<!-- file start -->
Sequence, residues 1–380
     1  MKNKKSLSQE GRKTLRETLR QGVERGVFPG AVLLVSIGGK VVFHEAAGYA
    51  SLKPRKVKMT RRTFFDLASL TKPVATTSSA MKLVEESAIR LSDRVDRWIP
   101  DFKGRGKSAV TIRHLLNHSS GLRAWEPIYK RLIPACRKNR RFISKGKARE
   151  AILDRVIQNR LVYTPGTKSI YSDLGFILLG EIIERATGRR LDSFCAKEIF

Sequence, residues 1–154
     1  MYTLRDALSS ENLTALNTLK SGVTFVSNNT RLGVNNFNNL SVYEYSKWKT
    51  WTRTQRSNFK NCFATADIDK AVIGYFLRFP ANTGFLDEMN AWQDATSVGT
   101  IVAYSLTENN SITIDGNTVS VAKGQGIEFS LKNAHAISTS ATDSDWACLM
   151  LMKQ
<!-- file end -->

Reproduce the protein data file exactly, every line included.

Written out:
Sequence, residues 1–380
     1  MKNKKSLSQE GRKTLRETLR QGVERGVFPG AVLLVSIGGK VVFHEAAGYA
    51  SLKPRKVKMT RRTFFDLASL TKPVATTSSA MKLVEESAIR LSDRVDRWIP
   101  DFKGRGKSAV TIRHLLNHSS GLRAWEPIYK RLIPACRKNR RFISKGKARE
   151  AILDRVIQNR LVYTPGTKSI YSDLGFILLG EIIERATGRR LDSFCAKEIF

Sequence, residues 1–154
     1  MYTLRDALSS ENLTALNTLK SGVTFVSNNT RLGVNNFNNL SVYEYSKWKT
    51  WTRTQRSNFK NCFATADIDK AVIGYFLRFP ANTGFLDEMN AWQDATSVGT
   101  IVAYSLTENN SITIDGNTVS VAKGQGIEFS LKNAHAISTS ATDSDWACLM
   151  LMKQ